Monday, September 26, 2011

This is who I am.

This post is a week late. The swim was last Saturday. Sunday I got on a train across Canada, and couldn't post. So here it is.

I didn't do the "last gasp" swim.  I'd pulled my glute muscle earlier in the week, and wasn't sure I'd have a strong enough kick. Another "DNF" was not the way to gain back my confidence. So I thought I'd test things out in Lake Washington instead.  This idea proved to be brilliant.

I was having a very emotional day. The trip across Canada was one I'd been anticipating for almost a year. And the fact that I was finally packing to go had me in a vulnerable feeling head space. That, combined with almost a week off exercise to rest the glute left me craving a workout.

I took a break from packing, and headed down to the lake. As I was getting in, a father, out walking with his young son, asked me about the water temp. My reply was "probably in the high 60's, so a little warmer than the air."  When I checked the bouy stats, I was right. 68*.  Perfect for a short swim.

Within 5 strokes I KNEW I'd made the right decision.  I remembered who I am.  Swimming makes me the most me I know. The sky's were cloudy, so visibility under water was excellent. And I relaxed.  The stress of the trip, the emotionality floated away.  It was the perfect swim.

It rained briefly. My first "wet" swim.  And the waves were whitecaps for a while.  I probably only swam for 25 minutes, as I still had some housework to do.  But it was still perfect.  A reminder of who I am.

I don't have photos from the swim.... so here's one from the train trip across Canada.'

Tuesday, September 13, 2011

Lost my nerve?

There's a "Last Gasp of Summer" swim this Saturday at a lake just about 20 minutes from here. One mile and two mile options. Course open for 90 min with the 1 mile swim starting either 15 or 30 minutes after the 2 mile start, depending on which web page you read. Either way, that leaves at least an hour for a mile swim. In a lake (no tide). I didn't sign up a few weeks ago, when I first learned about it, because I didn't know if I'd be in town or not.  Now I know I will be.


For some reason, I'm scared to sign up. Do I want to drive all the way over to SeaTac to swim with strangers? What if I'm pulled again? There is something about the Park-to-Park, and the Greenlake Open Water Swim (GLOWS) that are familiar, are family. There are people there who love me. Who know I may be slow but that I'm strong. Do I really want to swim with people who don't believe in me?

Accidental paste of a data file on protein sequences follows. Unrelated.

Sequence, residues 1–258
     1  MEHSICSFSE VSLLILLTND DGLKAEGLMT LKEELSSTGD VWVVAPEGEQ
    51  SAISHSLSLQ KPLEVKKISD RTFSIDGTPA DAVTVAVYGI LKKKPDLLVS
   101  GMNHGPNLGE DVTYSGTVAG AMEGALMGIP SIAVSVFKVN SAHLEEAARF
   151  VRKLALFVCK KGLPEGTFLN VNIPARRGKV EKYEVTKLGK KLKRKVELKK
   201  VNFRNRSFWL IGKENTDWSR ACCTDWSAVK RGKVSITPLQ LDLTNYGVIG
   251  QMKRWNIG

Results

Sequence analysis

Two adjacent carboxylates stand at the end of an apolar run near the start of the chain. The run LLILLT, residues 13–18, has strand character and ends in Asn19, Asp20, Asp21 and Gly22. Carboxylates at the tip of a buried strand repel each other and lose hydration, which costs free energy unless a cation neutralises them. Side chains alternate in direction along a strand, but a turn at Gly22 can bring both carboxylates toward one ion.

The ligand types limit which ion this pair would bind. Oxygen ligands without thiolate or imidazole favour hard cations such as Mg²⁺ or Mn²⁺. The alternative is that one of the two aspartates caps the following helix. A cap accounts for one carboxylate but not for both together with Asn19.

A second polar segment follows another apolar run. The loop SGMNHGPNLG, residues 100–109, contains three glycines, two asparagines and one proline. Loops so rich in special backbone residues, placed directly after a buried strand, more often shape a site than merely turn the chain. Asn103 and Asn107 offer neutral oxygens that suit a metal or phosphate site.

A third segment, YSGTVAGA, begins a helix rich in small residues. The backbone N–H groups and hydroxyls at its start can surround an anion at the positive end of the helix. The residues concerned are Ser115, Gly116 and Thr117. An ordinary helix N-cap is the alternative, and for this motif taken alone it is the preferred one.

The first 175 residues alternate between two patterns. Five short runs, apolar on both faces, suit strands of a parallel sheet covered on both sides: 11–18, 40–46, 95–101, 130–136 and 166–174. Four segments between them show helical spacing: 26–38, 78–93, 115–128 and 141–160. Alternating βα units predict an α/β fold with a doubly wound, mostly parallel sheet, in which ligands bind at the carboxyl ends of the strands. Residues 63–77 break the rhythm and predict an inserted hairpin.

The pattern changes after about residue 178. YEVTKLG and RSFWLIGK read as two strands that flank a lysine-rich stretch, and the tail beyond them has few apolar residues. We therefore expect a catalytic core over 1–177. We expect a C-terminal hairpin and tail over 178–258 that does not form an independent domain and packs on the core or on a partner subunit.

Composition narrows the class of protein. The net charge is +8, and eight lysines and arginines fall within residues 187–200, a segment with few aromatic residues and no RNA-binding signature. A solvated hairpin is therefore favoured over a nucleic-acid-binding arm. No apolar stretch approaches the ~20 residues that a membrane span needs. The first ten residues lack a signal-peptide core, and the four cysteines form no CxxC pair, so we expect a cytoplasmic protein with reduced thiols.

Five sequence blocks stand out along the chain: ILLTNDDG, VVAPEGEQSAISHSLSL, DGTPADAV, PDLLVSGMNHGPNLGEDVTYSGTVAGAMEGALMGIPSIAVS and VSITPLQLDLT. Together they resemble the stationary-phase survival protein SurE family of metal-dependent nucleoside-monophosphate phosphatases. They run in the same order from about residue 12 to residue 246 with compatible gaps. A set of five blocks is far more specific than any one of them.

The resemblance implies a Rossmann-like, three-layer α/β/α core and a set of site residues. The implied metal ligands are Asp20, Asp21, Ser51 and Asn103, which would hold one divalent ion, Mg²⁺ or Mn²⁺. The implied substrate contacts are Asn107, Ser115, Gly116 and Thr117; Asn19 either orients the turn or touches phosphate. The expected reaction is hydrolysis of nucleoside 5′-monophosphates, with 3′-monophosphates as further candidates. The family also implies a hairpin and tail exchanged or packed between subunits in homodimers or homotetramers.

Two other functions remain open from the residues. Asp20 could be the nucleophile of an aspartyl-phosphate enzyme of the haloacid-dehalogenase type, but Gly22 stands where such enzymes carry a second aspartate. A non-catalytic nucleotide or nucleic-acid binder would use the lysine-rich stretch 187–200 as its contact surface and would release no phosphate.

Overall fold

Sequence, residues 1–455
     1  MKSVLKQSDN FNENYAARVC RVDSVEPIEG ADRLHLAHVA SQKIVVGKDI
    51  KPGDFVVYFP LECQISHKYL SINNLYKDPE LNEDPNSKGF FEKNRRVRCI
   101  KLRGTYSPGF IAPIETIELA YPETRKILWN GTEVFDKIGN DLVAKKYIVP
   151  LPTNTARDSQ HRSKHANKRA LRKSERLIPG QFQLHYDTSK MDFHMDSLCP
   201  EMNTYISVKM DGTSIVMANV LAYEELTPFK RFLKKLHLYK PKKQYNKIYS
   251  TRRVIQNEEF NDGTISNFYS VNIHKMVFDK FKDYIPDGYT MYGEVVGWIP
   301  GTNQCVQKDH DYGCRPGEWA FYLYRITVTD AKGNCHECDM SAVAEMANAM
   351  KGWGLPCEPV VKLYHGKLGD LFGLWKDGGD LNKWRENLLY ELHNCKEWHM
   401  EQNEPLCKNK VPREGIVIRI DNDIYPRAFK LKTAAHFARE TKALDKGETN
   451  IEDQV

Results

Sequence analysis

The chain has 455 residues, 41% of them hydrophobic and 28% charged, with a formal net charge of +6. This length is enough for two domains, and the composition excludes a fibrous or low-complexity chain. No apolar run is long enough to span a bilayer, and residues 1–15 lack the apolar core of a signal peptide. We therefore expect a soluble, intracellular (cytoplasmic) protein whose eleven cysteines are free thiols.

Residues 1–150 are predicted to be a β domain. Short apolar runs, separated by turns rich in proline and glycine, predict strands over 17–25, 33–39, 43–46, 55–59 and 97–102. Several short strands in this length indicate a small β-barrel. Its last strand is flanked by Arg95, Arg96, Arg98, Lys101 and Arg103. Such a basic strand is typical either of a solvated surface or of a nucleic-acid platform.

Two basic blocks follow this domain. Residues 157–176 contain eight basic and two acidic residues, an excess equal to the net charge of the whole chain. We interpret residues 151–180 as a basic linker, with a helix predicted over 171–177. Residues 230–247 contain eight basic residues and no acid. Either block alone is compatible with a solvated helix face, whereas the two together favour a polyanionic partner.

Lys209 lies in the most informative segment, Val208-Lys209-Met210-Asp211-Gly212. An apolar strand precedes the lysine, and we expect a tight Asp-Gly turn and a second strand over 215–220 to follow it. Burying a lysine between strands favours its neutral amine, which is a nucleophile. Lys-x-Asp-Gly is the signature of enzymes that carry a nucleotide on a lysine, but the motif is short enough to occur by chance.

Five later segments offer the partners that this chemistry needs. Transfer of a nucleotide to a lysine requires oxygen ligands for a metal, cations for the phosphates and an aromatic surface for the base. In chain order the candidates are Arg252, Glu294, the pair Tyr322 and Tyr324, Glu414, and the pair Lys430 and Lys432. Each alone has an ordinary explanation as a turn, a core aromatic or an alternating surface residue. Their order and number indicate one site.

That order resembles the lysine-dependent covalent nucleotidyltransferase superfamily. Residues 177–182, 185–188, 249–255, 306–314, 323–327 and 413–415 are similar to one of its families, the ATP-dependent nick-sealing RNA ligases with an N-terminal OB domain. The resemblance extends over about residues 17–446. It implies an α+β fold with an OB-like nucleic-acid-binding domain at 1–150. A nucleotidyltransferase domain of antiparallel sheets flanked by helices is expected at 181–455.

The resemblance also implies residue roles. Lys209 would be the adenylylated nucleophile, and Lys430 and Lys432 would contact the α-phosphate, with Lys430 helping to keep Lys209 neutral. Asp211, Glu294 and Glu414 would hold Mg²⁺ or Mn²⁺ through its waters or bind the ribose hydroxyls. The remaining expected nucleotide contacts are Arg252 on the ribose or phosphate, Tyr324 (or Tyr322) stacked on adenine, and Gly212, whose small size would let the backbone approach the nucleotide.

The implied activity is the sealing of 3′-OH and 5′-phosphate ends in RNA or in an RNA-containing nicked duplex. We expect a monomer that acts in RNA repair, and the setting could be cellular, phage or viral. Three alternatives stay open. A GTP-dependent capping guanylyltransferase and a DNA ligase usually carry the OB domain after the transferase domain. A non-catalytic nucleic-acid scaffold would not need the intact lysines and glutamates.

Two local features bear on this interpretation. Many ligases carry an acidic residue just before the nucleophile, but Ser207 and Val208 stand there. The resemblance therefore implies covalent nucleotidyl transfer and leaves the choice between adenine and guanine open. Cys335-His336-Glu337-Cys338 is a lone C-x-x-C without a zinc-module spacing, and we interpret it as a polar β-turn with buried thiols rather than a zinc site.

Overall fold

I think my confidence is still shaken from the Whidbey Island swim. Especially the idea that I didn't know how bad off I was.  Although I admit that is a possibility, based on how I felt later in the day (neither cold nor tired) I have a hard time believing it is the "truth."

The first ever OWS that I did was GLOWS in 2007.  Here is an excerpt from my race report (note, that I swam this without a wetsuit):

There were about 50 people doing the half-mile and I started near the back. The chop was still strong from all the swimmers and a stiff wind, and I was getting a face full of water every time I turned my head to breathe. It was so cold that I was hyperventilating, my heart was racing. I switched to breaststroke to see if I could catch my breath. Then to sidestroke, facing away from the waves, so I wasn’t being hit in the face. The other swimmers around me (back of the pack) were struggling in the waves as well. I heard one call a lifeguard over to take her back to shore. Another took her wetsuit off and dropped it with a guard.  I pushed on, panting, and wondering how I could relax and breathe.

It occurred to me that I might have to drop. I wasn’t sure what to do to breathe. I slowed down. I switched strokes (trying everything but back stroke) I still couldn’t get my heart to stop racing or my breath to slow. I was taking in large amounts of water. I was quite sure I wasn’t going to do my tri in 3 weeks, not if the swim is going to be like this.  I knew, that I could do this swim if I could relax, but I couldn’t get my body to relax. The green tents of the finish looked so far away.